There is already "lifestyle" targeted marketing to reach certain demographics. So is the Groupon ad merely an extension of that concept in the form of "ideological" targeted marketing? Will it work? Admittedly, I was curious and clicked the link in the ad and saw nothing terribly spectacular on the other end indicative of the content that got me to click (possibly a letdown), and I have no first-hand knowledge of how the ad performed either. (However, as a potentially geo-targeted effort THAT would be curious patterns to uncover, no doubt!)
Marketers have primarily been risk-averse to alienating any segment of the population. So this new, blatant strategy could potentially be a provocative departure…or merely desperation. As the political polarity divides the nation and lines are being drawn (seemingly deeper now than before), is this possibly marketing suicide? Is it ok to alienate potentially 50% of your potential audience by giving the proverbial middle finger to their choices of ideology?
Or, is this so smart and innovative to reach deep into the passions of the ideologue to prompt them to buy based upon emotion and allegiance? Are customers truly that black and white as it relates to red and blue? Most importantly, will red, white, and blue help you see green? The questions are endless.
We all know behavioral targeting is incredible intelligence that allows you to place key and critical messages to a consumer who has shown at least peripheral interest in a product or service you have. It is powerful and impactful data. Used well and skillfully, you can reach those uncommitted consumers at the right time and place to bring them back. Knowing more about that consumer only makes the connection even stronger.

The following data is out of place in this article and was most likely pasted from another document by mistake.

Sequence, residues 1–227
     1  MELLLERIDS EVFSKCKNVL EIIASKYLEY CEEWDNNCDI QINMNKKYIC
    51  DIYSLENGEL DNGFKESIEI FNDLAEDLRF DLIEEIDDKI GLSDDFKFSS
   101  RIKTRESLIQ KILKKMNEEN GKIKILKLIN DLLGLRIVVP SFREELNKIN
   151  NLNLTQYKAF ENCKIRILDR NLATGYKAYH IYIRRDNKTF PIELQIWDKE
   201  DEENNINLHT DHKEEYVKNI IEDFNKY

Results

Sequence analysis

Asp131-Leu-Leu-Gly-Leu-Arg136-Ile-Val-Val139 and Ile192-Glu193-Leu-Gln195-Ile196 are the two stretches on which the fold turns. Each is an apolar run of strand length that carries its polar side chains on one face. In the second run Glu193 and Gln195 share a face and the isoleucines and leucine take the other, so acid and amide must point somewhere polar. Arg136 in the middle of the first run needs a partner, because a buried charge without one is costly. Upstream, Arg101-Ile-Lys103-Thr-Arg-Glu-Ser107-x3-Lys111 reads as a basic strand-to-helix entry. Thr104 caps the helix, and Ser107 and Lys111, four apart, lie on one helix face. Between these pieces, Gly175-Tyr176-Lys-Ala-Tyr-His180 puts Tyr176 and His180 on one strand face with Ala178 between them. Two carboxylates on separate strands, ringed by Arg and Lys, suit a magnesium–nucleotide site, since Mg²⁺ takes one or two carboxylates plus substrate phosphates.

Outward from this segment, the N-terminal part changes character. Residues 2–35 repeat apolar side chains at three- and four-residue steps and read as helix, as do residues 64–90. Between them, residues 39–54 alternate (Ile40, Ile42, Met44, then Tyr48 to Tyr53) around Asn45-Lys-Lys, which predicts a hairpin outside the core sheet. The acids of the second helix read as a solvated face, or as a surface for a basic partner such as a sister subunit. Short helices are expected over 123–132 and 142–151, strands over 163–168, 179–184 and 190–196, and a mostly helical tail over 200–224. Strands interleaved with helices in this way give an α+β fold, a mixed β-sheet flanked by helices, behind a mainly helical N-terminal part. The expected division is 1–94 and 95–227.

Knowing their political affiliation makes it possibly dangerous too.
Coloring your customers red or blue and marketing to them in their respective groups is a big gamble. Should the messaging of your brand follow them all the way to the ballot box?
How will you vote?
Kathleen Stockham is the Director of Strategy & Analytics at Response Media, a digital agency specializing in relationship marketing and customer acquisition services. Kathleen developed her expertise in all facets of digital and relationship marketing through experiences at industry-leading companies such as AOL, Office Depot and Best Buy. She was considered one of the original pioneers of SEO/SEM best practices for major retailers in the brand space and helped lead the way for retailer benchmarking in the early days of online shopping. When not wrapped up in spreadsheet formulas and statistics, Kathleen can easily be located at any number of All-Star Cheerleading competitions with her daughter or enthusiastically rooting for her beloved Georgia Tech Yellow Jackets.